Run charts are one of the most useful tools in quality improvement. They allow us to:

  • Monitor the performance of one or more processes over time to detect trends, shifts or cycles.
  • Allow us to compare a performance measure before and after implementation of a solution to measure its impact.
  • Focuses attention on truly vital changes in the process.
  • Assess whether improved performance has been sustained.

Run charts are a valuable tool at the beginning of a project, as it reveals important information about a process before you have collected enough data to create a Stewhart control chart.

Characteristics of a run chart

  • On the X axis you have data in some sort of chronological order e.g. Jan, Feb, Mar
  • On the Y axis you have the measure of interest e.g. %, count
  • Once the data points are connected you put a centre line (CL) between the graph. For a run chart the CL is called the Median.

The median is the number in the middle of the data set when the data are reordered from the highest to the lowest value. If the number of observations is even, the median is the average of the two middle values.

A typical run chart

A typical run chart

How to create a run chart

Step 1 – State the question that the run chart will answer and obtain data necessary to answer this question.

For example, if you were looking at how long it takes to travel to work in the morning you will make note of the time taken (in minutes) to get to work over a period of a month.

Step 2 – Gather data, generally collect 10-12 data points to detect meaningful patterns.

Step 3 – Create a graph with vertical line (y axis) and a horizontal line (x axis).

  • On the vertical line (y axis), draw the scale related to the variable you are measuring.

Please note: it is good practice to ensure the y axis covers the full range of the measurements and then some (e.g. 1 ½ times the range of data). This is to ensure the chart can accommodate any future results.

  • On the horizontal line (x axis), draw the time or sequence scale.

Step 4 – Plot the data, calculate the median and include into the graph.

Step 5 – Interpret the chart. Four simple rules can be used to distinguish between random and non-random variations.

Interpreting a run chart

There are four rules that can be used to interpret a run chart. Non-random variation can be recognised by looking for:

  • Rule 1 – Shift 
    Six or more consecutive points either all above or all below the centre line (CL). Values that fall on the CL do not add to nor break a shift. Skip values that fall on the median and continue counting.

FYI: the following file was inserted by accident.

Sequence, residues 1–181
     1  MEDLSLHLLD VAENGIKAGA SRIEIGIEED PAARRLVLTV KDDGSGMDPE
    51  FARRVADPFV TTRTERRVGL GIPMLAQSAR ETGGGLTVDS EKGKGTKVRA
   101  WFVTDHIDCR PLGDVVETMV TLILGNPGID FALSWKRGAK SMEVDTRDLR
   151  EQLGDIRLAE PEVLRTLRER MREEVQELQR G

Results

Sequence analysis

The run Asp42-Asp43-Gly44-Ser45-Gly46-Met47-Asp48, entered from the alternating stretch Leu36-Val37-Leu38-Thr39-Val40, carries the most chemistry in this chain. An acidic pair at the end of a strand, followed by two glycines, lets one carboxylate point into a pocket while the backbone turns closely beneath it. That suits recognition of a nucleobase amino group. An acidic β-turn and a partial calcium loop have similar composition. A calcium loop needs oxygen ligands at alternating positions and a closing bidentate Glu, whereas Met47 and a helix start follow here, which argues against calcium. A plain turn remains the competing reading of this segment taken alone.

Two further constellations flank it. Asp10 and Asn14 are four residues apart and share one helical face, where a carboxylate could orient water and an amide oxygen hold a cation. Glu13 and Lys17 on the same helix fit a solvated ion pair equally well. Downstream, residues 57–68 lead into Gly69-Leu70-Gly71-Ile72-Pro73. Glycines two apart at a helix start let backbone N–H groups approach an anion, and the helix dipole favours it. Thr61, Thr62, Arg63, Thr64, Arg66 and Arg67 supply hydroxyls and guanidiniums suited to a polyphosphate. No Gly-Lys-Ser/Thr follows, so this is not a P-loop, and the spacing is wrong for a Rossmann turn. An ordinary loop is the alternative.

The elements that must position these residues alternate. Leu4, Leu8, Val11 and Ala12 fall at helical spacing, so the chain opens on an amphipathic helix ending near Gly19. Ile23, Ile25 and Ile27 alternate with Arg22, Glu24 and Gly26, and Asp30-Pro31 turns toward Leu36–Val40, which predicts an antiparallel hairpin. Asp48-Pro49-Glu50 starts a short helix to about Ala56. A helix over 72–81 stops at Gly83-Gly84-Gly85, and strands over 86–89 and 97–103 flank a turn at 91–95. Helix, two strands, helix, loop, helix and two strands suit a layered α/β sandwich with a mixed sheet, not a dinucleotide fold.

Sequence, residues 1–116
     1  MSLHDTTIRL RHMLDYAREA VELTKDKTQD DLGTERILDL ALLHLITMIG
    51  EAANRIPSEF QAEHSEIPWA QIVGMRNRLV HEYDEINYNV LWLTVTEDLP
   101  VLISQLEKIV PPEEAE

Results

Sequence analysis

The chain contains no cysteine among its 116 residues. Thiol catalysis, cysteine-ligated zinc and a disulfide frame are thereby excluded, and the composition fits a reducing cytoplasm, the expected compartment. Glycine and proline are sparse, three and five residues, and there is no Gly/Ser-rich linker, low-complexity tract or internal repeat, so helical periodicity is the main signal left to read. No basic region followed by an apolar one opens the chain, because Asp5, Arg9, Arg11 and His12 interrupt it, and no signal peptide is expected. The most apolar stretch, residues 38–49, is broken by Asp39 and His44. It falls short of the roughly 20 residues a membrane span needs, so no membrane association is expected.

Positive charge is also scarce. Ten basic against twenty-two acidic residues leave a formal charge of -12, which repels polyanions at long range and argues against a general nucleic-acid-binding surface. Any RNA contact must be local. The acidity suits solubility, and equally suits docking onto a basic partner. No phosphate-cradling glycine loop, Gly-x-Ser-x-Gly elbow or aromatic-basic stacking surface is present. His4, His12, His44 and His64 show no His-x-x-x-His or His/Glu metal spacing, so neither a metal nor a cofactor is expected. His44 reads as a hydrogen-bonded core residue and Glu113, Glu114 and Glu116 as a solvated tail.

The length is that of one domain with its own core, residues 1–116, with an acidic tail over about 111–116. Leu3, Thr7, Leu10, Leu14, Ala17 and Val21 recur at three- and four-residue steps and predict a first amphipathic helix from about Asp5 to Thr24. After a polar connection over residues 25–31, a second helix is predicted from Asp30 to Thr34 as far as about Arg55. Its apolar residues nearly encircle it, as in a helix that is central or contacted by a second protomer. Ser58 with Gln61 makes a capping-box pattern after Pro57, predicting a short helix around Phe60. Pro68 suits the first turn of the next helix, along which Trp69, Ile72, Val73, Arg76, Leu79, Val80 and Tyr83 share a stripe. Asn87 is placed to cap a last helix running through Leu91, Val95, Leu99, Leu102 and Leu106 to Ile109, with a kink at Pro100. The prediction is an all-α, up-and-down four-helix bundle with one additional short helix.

Run chart Rule 1 – shift
Run chart Rule 1 – shift

Rule 2 – Trend

Five or more consecutive points all going up or all going down. If the value of two or more successive points is the same (repeats), ignore the like points when counting.

Rule 2 – trend

Rule 2 – trend
  • Rule 3 – Too many or too few runs

A non-random pattern is signalled by too few or too many runs, or crossings of the median line. If there are too many or too few runs, this is a sign of non-random variation. To see what an appropriate number of runs for a given number of data sets, refer to following statistical table. An easy way to count the number of runs is to count the number of times the line connecting all the data points crosses the median and add one. If the number of runs you have are:

  • Within the range outlined in the table, then you have a random pattern.
  • Outside the range outline in the table, then you have a non-random pattern or signal of change.
Rule 3 – Too many or too few runs

Rule 3 – Too many or too few runs
  • Rule 4 – An astronomical data point

This is a data point that is clearly different from all others. This is a judgement call. Different people looking at the same graph would be expected to recognise the same data point as astronomical.

Rule 4 – An astronomical data point

Rule 4 – An astronomical data point

By applying each of the four rules, you can evaluate the run chart for a signal for change (through a non-random variation). However, it is not necessary to find evidence of change with each of the four rules to determine that a change has occurred. Any single rule occurring is sufficient evidence of a non-random signal of change.

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